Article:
Mark: As we validate a business model, there are other ways of starting companies. I was involved in a startup back in the year 2000. The model there was you better put together a business plan, go pitch venture capitalists, and try to raise $10 million or more.

There are models where you may self-fund the start of your business. You may find friends and family, angel investors. Again, at a small scale, with small resources, go and test the idea. Then, hopefully, ideally, bootstrap the business from cash flow from actual customers can help drive a lot of growth as opposed to taking the big risky plunge on taking a big investment.

There are a lot of ways of, again, getting started on a small scale and seeing what works and adjusting accordingly. That can be a little bit less risky. Maybe not cashing out your 401K and putting all of your eggs in that basket. That would maybe create a lot of stress that distracts from the work at hand of starting and building and growing a business.

Brett: Before we let you go, Mark, we have to ask you about “Shark Tank,” because a lot of what you're talking about, if you've seen the show Shark Tank, a lot of people enjoy watching that, where people pitch their ideas to people with money and try to basically get some of them and bring them in as partners.

You've interviewed Kevin Harrington on your podcast, My Favorite Mistake. What was he like, and what'd you glean from that?

Mark: Kevin was great. He was part of the inspiration for starting the podcast. The fact that he was willing to be the guest in the first episode set such a powerful tone. He shared a story from earlier in his days of launching his infomercial business.

If there could be a direct lesson from the story of not putting all your eggs into one credit card processing account basket, you could learn, “OK, if I'm starting an infomercial business, I won't make that exact same mistake.”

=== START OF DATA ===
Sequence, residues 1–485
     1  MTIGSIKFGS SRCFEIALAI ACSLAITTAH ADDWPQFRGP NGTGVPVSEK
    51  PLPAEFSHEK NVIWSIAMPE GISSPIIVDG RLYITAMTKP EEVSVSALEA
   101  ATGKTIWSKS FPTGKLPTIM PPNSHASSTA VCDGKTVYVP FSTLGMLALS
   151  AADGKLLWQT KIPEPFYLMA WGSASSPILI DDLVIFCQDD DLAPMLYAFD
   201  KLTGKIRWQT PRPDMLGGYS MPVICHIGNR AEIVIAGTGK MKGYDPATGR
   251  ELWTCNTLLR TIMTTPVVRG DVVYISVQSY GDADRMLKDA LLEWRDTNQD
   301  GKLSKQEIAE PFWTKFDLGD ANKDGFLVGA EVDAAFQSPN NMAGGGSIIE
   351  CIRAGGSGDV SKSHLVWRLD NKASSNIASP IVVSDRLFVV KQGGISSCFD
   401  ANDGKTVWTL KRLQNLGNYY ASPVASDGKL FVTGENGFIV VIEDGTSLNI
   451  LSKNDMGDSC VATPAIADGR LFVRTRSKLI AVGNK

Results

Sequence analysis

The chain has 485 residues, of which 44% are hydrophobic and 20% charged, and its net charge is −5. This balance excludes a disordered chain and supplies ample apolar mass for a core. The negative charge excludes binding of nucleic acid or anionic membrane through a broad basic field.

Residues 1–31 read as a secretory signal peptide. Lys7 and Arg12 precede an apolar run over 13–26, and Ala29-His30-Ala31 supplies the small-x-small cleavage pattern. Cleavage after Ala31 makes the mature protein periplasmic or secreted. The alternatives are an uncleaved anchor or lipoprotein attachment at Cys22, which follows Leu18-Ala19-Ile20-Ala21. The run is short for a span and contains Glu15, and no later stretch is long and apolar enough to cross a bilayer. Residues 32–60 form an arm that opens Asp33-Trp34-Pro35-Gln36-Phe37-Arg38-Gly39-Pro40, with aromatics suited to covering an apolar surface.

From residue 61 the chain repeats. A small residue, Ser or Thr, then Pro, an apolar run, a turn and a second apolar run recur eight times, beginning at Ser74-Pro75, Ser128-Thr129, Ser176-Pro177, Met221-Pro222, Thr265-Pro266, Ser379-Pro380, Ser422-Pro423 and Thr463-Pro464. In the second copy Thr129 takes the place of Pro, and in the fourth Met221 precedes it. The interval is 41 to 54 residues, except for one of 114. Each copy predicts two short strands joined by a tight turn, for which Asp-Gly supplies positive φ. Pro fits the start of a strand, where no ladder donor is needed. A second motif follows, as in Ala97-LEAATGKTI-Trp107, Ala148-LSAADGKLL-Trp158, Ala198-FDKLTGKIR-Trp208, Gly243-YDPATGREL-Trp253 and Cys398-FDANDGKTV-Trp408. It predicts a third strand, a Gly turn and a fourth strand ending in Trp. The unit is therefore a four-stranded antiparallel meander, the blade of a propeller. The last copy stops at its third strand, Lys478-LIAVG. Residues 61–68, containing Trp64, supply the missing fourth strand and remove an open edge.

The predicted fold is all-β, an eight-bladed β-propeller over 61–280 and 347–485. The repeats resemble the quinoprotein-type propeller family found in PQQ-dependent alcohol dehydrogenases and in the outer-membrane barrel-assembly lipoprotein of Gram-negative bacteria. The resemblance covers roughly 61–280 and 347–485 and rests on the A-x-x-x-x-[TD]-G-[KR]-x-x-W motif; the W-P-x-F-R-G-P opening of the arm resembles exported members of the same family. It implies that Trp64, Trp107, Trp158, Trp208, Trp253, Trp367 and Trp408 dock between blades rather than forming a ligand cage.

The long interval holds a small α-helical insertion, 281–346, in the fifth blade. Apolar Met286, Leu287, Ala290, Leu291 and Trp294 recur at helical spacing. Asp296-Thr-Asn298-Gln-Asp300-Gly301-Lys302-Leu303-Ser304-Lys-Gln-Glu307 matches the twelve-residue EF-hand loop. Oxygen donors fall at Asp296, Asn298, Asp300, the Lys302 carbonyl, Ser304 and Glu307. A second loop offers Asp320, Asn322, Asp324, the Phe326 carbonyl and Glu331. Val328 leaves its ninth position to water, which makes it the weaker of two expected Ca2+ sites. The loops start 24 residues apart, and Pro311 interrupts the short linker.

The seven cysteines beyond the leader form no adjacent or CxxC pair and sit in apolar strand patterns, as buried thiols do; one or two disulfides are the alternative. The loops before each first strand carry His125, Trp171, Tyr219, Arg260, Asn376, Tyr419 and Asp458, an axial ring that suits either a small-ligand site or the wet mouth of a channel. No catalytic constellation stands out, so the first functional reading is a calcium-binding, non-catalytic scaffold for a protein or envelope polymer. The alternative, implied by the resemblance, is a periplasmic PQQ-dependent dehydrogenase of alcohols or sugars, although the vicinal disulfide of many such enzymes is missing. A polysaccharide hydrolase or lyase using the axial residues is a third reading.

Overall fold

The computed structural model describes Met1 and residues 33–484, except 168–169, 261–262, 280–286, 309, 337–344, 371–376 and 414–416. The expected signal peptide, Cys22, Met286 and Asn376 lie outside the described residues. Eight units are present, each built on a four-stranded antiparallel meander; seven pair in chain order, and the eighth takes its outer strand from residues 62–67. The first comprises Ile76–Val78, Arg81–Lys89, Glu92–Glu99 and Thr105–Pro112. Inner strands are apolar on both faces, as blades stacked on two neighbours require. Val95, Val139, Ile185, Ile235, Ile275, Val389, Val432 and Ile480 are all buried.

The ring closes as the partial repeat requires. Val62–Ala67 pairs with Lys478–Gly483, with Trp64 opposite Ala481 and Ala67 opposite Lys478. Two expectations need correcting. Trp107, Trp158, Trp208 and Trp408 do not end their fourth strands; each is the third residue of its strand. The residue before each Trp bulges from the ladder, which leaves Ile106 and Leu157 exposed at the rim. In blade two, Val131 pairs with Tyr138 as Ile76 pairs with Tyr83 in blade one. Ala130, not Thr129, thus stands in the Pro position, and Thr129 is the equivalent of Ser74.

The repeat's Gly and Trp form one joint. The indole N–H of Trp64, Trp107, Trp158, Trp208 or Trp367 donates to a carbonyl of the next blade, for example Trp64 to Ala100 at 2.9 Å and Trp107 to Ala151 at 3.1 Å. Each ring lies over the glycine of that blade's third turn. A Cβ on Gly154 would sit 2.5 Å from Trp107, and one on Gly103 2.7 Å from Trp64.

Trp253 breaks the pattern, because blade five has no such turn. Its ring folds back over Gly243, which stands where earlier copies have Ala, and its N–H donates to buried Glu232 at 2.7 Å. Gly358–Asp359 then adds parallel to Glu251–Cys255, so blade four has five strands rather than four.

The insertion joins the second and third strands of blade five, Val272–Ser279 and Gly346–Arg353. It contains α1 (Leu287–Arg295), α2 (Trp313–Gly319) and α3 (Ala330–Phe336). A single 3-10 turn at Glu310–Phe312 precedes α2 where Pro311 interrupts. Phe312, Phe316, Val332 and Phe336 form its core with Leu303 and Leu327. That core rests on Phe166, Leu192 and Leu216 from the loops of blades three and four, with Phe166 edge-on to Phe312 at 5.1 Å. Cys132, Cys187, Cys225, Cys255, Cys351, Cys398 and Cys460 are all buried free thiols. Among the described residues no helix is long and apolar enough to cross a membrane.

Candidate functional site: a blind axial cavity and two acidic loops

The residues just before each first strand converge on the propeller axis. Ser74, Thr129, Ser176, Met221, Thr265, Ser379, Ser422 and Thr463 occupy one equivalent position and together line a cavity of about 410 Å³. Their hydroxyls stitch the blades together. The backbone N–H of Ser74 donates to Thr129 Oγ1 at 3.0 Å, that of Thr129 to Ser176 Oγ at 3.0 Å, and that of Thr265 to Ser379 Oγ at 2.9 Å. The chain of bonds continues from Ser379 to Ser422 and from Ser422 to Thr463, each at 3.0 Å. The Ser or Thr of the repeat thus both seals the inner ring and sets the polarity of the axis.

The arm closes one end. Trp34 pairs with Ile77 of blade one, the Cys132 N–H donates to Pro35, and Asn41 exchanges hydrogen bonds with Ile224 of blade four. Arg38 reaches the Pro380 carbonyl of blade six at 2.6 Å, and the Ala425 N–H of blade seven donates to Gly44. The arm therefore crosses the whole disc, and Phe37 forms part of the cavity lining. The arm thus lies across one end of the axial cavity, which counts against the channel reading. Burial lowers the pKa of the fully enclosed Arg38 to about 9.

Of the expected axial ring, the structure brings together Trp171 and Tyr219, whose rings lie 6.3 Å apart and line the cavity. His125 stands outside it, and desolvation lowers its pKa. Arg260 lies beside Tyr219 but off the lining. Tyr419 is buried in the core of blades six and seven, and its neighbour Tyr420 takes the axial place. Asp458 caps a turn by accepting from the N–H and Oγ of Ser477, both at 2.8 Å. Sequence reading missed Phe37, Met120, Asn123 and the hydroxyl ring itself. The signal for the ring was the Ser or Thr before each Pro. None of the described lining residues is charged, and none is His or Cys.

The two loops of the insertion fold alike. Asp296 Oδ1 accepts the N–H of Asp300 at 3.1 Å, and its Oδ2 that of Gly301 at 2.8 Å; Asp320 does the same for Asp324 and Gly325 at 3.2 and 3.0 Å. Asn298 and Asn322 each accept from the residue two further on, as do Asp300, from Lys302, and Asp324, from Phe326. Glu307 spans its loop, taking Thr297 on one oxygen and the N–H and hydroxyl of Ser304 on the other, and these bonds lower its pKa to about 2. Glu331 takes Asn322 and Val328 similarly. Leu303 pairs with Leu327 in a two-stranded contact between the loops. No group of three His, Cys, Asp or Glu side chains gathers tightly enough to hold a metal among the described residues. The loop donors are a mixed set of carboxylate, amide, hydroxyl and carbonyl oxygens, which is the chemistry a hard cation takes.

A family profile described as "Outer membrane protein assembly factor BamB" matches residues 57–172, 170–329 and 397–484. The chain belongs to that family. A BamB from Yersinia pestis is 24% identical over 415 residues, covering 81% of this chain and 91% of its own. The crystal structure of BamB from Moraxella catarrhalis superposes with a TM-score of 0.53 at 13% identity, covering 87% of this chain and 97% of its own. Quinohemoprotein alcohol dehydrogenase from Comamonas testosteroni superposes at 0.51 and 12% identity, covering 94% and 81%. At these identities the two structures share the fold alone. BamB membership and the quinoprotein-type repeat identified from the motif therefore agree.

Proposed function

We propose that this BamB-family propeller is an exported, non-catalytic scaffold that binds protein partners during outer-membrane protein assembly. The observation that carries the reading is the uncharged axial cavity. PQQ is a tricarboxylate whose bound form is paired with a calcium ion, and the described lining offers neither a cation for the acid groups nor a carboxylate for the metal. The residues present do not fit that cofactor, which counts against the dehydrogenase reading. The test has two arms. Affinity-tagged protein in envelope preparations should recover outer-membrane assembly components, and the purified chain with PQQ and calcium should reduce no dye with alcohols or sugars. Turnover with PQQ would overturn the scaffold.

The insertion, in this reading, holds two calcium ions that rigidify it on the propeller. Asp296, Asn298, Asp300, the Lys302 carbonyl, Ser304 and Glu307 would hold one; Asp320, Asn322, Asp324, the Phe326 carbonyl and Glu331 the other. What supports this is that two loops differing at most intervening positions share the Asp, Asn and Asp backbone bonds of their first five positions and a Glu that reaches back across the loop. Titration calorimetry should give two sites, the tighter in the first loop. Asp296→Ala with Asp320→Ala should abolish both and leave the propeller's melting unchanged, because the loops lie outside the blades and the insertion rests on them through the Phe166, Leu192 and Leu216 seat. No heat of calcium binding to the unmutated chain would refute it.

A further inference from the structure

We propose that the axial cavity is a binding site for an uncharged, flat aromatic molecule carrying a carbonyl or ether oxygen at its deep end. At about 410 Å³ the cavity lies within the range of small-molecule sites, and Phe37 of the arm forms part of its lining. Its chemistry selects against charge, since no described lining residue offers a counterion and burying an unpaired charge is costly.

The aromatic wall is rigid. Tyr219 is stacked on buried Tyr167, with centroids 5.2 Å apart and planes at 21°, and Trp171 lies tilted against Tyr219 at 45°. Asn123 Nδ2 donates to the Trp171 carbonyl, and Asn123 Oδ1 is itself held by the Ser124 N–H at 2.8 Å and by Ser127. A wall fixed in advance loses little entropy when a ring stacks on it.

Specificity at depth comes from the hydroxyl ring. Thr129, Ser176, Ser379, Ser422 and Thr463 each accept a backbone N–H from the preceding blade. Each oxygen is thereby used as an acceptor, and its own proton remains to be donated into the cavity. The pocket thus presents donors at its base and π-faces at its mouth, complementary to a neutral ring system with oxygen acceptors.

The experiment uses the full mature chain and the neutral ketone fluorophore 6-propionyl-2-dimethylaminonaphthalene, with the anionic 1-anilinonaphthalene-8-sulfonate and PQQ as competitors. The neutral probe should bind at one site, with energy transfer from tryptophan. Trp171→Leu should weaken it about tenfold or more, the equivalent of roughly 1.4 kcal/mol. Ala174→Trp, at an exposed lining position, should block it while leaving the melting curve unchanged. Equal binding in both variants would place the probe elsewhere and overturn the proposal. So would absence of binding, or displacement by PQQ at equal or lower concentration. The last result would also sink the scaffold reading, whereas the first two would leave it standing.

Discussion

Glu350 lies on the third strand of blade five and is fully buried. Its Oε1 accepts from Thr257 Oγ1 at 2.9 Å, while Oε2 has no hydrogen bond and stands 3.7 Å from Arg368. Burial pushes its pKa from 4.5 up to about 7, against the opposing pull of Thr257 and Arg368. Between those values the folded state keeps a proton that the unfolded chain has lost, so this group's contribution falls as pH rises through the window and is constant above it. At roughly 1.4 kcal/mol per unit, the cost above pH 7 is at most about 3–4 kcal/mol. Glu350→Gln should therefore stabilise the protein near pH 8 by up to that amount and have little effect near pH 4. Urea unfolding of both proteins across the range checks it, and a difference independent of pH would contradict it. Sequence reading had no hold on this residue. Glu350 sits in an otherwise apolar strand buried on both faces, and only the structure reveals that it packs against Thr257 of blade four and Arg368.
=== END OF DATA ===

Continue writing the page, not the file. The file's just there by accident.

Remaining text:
That's maybe a value to a handful of people. What's more valuable is his willingness, the vulnerability to say, “Here's a huge mistake I made.” He learned from it and he restructured how he did business accordingly.

Sharing that example reemphasizes the point, as other guests have emphasized, it's not that successful people don't fail, it's that they learn from their failures, and that moves them forward into what we then see as being wildly successful.

Sometimes, people might only want to tell the stories that put them in a positive light, the brilliant decision. Sharing mistakes and being willing to talk about it sets a good example for others in a lot of ways.

To me, that puts somebody like Kevin Harrington or other guests in a positive light. They made a mistake, they didn't blame others, and they didn't throw anyone under the bus. He didn't make excuses, he owned up to it, he realized it was a mistake, he learned from it, he didn't repeat it. That's a great example for anybody.

Brett: Definitely not a mistake having a visit with you, Mark. That's terrific stuff. I enjoyed it very much. Is there anything else you want to make sure and say?

Mark: If people are interested in this topic of learning from mistakes, again, the podcast is My Favorite Mistake podcast. As you mentioned, the Sheryl Crow song, if you're going to search in your favorite music/podcast app, if you're going to search My Favorite Mistake, you probably do need to tack on podcast at the end. Enjoy the Sheryl Crow song, too, but…

[laughter]

Mark: …then maybe listen to a podcast afterward. Myfavoritemistakepodcast.com is the website.

Brett: Very good. Markgraban.com is where you can go to get a lot more info about you.

Mark, congrats on your success and good luck in the future in 2021 and beyond.

Mark: Thanks, Brett. I'm going to keep making mistakes. [laughs] It happens too often, but I'm going to keep learning, try to be positive about it, and not repeat those mistakes.

Brett: Hear, hear. Mark, thanks again.

Mark: Thanks, Brett.